General Question

buckyboy28's avatar

How long does it take for an ice hockey rink to freeze?

Asked by buckyboy28 (4938points) May 2nd, 2009

In a lot of arenas the crews are able to convert a basketball court over to a hockey rink in time for a night hockey game… so how long does the rink take to freeze over?

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5 Answers

charliecompany34's avatar

hmmmmmmm, interesting question. wish i knew the answer to that.

i think for the bulls and/or blackhawks in chicago (both in playoff status as we speak) the stadium floor is set up to “switch out” for wood or ice floor based on sophisticated technology that allows your thought in question. how they do it, i am not sure. but i do know, at the united center in chicago (the home of michael jordan), both hockey, disney on ice and basketball are all played played interchangeably in the same season in the sane arena.

Bluefreedom's avatar

Although I couldn’t find a time limit for the freezing to take place, it would probably not take long using the techniques listed below that I found at Wikipedia.

Artificial ice rink

In any climate, an arena ice surface can be installed in a properly built space. This consists of a bed of sand, or occasionally a slab of concrete, through (or on top of) which pipes run. The pipes carry a chilled fluid (usually either a salt brine or water with antifreeze) which can lower the temperature of the slab so that water placed atop it will freeze. This methodology is known as ‘artificial ice’ to differentiate from ice rinks made by simply freezing water in a cold climate, indoors or outdoors, although both types are of frozen water. A more proper technical term is ‘mechanically frozen’ ice.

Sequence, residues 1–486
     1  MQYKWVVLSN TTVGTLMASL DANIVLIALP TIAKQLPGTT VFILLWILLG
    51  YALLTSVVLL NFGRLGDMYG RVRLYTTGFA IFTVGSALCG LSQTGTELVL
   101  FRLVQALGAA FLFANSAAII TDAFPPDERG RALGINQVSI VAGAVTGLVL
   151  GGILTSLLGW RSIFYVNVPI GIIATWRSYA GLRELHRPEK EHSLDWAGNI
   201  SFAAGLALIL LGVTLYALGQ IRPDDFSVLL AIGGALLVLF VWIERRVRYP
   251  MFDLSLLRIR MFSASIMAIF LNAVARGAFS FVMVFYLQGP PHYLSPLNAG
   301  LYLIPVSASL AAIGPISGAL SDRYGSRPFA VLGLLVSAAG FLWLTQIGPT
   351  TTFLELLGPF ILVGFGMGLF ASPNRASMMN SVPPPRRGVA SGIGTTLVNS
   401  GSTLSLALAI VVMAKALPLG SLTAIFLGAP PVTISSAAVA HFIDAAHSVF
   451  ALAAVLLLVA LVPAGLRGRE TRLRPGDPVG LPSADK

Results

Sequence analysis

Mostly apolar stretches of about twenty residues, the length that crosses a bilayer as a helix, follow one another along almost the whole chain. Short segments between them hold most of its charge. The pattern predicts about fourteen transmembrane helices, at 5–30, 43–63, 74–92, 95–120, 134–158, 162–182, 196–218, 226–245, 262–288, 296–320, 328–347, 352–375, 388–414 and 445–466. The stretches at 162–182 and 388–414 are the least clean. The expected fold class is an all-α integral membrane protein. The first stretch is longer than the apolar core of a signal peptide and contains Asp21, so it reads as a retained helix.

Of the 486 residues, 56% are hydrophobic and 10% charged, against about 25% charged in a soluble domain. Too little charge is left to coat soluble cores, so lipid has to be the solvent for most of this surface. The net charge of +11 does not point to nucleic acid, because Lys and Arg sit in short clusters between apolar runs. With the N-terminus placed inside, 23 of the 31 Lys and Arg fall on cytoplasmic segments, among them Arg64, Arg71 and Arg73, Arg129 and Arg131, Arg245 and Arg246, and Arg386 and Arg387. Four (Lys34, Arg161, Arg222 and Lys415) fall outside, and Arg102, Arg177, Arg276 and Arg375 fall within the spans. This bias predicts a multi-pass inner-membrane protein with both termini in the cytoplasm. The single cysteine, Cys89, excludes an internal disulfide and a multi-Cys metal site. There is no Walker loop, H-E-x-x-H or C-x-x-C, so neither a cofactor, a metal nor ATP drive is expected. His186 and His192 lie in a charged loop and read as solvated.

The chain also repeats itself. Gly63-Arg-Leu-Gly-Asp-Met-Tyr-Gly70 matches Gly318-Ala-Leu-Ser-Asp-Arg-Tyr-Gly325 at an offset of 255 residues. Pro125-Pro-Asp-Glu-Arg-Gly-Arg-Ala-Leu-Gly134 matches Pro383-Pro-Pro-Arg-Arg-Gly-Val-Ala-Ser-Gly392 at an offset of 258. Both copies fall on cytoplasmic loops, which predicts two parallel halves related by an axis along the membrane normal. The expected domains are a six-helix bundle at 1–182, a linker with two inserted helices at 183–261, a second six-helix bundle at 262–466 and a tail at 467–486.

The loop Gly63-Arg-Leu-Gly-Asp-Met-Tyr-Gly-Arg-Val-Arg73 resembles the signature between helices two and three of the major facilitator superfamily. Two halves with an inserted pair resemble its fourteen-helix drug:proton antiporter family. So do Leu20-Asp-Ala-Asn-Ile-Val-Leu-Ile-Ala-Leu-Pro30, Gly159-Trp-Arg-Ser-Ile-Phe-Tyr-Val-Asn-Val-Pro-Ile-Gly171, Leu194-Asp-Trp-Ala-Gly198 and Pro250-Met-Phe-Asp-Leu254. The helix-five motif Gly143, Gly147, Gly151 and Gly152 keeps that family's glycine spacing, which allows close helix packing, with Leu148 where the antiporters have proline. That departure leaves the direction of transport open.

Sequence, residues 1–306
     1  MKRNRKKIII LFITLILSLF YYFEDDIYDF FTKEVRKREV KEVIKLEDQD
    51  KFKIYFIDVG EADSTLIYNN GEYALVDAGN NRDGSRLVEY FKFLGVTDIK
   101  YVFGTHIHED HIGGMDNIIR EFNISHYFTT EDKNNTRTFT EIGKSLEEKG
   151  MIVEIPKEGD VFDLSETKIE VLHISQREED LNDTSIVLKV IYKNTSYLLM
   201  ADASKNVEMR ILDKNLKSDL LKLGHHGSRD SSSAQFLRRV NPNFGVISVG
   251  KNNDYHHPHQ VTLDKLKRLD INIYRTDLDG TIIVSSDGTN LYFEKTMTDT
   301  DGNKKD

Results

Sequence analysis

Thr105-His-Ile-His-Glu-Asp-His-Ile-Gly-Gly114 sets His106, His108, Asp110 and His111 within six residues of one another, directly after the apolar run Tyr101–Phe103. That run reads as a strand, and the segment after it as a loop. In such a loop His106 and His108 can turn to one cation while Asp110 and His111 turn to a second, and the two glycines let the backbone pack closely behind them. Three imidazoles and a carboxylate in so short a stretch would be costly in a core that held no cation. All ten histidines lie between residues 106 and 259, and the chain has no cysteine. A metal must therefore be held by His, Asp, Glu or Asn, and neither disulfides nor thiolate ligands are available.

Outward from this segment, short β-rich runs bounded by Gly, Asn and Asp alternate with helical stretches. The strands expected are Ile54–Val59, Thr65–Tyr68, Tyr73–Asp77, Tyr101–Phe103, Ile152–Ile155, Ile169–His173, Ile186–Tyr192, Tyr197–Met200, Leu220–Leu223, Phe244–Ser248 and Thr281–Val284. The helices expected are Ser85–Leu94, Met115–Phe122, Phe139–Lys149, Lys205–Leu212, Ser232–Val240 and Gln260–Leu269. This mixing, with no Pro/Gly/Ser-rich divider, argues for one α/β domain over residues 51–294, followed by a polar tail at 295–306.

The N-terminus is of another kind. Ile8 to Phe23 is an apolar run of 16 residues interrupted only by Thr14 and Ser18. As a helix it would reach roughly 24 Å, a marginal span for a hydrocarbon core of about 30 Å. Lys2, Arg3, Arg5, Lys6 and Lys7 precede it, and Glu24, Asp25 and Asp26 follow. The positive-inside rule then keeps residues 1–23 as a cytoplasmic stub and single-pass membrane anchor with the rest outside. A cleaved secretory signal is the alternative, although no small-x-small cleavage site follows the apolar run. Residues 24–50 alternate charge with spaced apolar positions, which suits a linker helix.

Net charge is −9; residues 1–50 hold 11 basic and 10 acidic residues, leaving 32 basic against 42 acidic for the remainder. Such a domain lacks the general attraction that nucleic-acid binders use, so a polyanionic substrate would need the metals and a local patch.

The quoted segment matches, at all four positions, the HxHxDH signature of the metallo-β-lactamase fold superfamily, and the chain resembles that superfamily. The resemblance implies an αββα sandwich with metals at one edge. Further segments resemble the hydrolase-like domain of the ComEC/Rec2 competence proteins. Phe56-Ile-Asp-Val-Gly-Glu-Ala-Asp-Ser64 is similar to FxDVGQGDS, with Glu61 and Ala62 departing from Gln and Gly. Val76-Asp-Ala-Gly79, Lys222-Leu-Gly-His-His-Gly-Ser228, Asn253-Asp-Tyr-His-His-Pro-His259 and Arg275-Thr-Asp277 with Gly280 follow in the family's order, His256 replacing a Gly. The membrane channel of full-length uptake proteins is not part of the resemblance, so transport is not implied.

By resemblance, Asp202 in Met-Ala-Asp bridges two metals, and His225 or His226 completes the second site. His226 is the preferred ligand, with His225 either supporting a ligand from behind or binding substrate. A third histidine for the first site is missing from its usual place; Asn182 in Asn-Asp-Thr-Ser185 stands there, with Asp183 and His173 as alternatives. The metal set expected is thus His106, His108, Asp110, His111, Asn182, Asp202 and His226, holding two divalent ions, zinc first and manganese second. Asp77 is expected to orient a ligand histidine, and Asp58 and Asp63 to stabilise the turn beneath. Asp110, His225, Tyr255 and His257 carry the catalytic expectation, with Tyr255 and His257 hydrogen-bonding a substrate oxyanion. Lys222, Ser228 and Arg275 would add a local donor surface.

Modern rinks have a specific procedure for preparing the surface:

- With the pipes cold, a thin layer of water is sprayed on the sand or concrete to seal and level it (or in the case of concrete, to keep it from being marked).

- This thin layer is painted white or pale blue, for better contrast; markings necessary for hockey or curling are also placed, along with logos or other decorations.

- Another thin layer of water is sprayed on top of this.

- The ice is built up to a thickness of 2–3 centimetres (approx. 1.2 inches) by repeated flows of water onto the surface.

charliecompany34's avatar

bulls out of playoffs, but water still freezes no matter what. oh well.

jrpowell's avatar

I was always under the impression that the bball floor was put over the ice. I know the floor for bball comes in sections.

goose756's avatar

@johnpowell you’re right, they usually cover the rink and then put the floor over it.. theres actually a high-speed video of this conversion somewhere that I saw a while back.. I’m sure it’s on youtube.

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